Paula (album)

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Album cover
Studio album by
ReleasedJuly 1, 2014 (2014-07-01)
  • Robin Thicke
  • Pro Jay
Robin Thicke chronology
Blurred Lines
Singles from Paula
  1. "Get Her Back"
    Released: May 19, 2014

Paula is the seventh studio album by American recording artist Robin Thicke. The album's official release date was July 1, 2014, though it was streamed by Thicke's record company a day early, on June 30, 2014.[1][2] The album, released by Star Trak Entertainment and Interscope Records, served as a tribute to his estranged wife Paula Patton. The album was supported by the single "Get Her Back".

Upon its release, Paula received mixed reviews from music critics. The album debuted at number 9 on the US Billboard 200 chart, selling 24,000 copies in its first week of release. The album sold only 530 copies in the United Kingdom,[3] 550 in Canada,[4] and 158 in Australia in its debut week.[5][6]


In 2005, Robin Thicke married actress Paula Patton after dating for over a decade.[7] On February 24, 2014, the couple has announced their legal separation, saying in a statement, "We will always love each other and be best friends, however, we have mutually decided to separate at this time."[8] In the months following the announcement, Thicke made several attempts to repair their marriage and began dedicating his 2006 song "Lost Without U" to Patton during his concerts. He then premiered the song titled "Get Her Back", written about her, at the 2014's Billboard Music Awards, and a month later, he announced that the title of his seventh album would be Paula, after the actress.[9] Thicke said of making and titling this album,

I came right off a tour and I had all these songs and all these ideas and feelings in my heart. And I went right into the studio. I wrote all the songs in about three weeks and we recorded the album in about a month. Obviously all the songs were about her or about how I feel about her. A lot of songwriters have done this kind of thing before. They won't tell you in the title or they'll be suggestive ... I was just like, 'There's no reason to hide who this is about.' It's all about her.[10]


The beginning of the song "Living in New York City" features Paula Patton saying, "I'm moving to New York". Thicke revealed that Paula contributed the brief recording of her voice as a favor and that the song was inspired by her making a similar statement to him previously.[11]

Critical reception[edit]

Professional ratings
Aggregate scores
Review scores
AllMusic2/5 stars[13]
Entertainment WeeklyB-[15]
Los Angeles Times1.5/4 stars[17]
New York Daily News3/5 stars[18]
Now1/5 stars[19]
Rolling Stone2.5/5 stars[20]
Slant Magazine2.5/5 stars[21]
USA Today3/4 stars[22]

Paula was met with mixed reviews from music critics. At Metacritic, which assigns a normalized rating out of 100 to reviews from critics, the album received an average score of 49, which indicates "mixed or average reviews", based on 11 reviews.[12] Clover Hope of Billboard gave Paula a score of 64 out of 100, noting that Thicke and Patton's personal life makes the album interesting, while criticizing it for being too detailed. "'Paula' plays off how invasive and uncomfortable a celebrity breakup is — not just for the couple involved, but for those watching and, in this case, listening," Hope wrote. "Fans want to know, but maybe not this much."[14] Alexa Camp of Slant Magazine gave the album two and a half out of five stars, criticizing "Get Her Back" for being reminiscent of an interlude and "Lock the Door" for "feel[ing] like an Unplugged version of a grander, more memorable song" (though praising its arrangement). She felt that "Black Tar Cloud" is a convincing apology, but criticized the song for its unflattering description of Patton.[21] Elysa Gardner of USA Today gave the album three out of four stars, stating that the album "reminds us what a fluid and expressive singer Thicke can be". Gardner went on to note that "the album is more texturally and emotionally varied and melody-focused than last year's Blurred Lines, with arrangements that nod heavily to old-school soul".[22] Mikael Wood of the Los Angeles Times gave the album one and a half stars out of four, saying "the record is a failure, a virtual what-not-to-do guide for both songwriters and spurned lovers. But in an age when appearance rules, there’s something kind of fascinating about Thicke’s willingness to look this bad."[17]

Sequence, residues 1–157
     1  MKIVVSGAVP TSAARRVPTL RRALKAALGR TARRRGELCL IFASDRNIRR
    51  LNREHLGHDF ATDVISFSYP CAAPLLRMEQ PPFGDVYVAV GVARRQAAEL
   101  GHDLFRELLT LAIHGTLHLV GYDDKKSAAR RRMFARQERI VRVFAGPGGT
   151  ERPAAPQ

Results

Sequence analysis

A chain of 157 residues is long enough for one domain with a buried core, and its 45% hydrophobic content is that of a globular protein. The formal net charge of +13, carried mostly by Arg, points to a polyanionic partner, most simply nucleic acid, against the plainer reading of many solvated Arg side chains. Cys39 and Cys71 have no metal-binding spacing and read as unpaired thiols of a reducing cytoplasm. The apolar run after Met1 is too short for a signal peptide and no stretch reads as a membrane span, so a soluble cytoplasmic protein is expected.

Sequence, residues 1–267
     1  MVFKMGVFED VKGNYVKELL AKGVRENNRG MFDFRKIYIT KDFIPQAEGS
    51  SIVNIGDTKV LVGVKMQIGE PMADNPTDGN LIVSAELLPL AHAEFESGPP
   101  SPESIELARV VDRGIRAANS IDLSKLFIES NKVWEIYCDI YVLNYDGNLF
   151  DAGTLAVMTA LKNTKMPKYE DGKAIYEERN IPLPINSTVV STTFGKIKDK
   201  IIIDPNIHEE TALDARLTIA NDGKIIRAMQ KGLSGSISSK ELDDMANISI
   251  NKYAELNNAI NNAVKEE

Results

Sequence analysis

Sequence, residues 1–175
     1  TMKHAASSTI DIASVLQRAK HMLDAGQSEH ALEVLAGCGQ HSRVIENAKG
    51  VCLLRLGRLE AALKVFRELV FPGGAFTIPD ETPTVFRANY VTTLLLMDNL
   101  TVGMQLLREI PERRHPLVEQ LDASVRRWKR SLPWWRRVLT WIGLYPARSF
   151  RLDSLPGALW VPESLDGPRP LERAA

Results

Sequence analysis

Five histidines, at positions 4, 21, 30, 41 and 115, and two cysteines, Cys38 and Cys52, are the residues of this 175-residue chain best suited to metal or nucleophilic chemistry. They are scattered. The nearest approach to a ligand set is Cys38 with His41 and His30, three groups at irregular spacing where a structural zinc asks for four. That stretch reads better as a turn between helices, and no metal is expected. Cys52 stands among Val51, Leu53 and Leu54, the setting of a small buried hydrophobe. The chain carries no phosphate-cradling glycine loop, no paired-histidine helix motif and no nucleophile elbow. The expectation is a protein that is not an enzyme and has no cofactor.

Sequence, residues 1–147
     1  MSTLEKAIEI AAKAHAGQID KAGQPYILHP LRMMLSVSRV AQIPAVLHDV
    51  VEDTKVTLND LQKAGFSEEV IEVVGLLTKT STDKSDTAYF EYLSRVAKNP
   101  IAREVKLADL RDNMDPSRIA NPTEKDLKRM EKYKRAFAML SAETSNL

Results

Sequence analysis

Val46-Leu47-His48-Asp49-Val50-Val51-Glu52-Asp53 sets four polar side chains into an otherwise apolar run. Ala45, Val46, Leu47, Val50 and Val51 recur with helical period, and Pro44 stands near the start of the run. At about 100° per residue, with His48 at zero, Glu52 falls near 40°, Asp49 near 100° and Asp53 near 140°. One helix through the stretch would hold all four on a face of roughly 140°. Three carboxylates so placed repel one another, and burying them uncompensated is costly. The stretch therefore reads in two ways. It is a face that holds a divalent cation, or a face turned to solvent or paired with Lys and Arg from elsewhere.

Julia LeConte of Now gave the album one out of five stars, saying "Solidifying the theory that Thicke rushed the record together in a weird play for both public sympathy and capital gain, each song reeks of some other influence, the only real originality coming via the confessional and often TMI lyrics."[19] Kyle Anderson of Entertainment Weekly gave the album a B-, saying "Paula's muddled take on sexual politics probably won't woo his wife back, and the lack of an obvious "Blurred"-size hit means the Hot 100 may be equally unmoved."[15] Andy Kellman of AllMusic gave the album two out of five stars, saying "Some of the songs that could fit on any non-conceptual Thicke release sound like commissioned work. Take 'Living in New York City,' a distant descendant of James Brown's 'Living in America' and Janet Jackson's 'Nasty,' seemingly made for a visitors bureau, or the equally hammy 'Tippy Toes,' which could be used to sell a line of footwear. Those aren't the only numbers that resemble frivolous 'Hey, we need one more' throwaways. Along with empty flash like 'Something Bad' and 'Time of Your Life,' they're all part of Thicke's least appealing album."[13] Ryan B. Patrick of Exclaim! gave the album a four out of ten, saying "From the uninspiring album cover to the angst-y content within, Paula doesn't even reach the level of his pre-"Blurred Lines" output, which represents an equitably solid discography of R&B/soul."[16]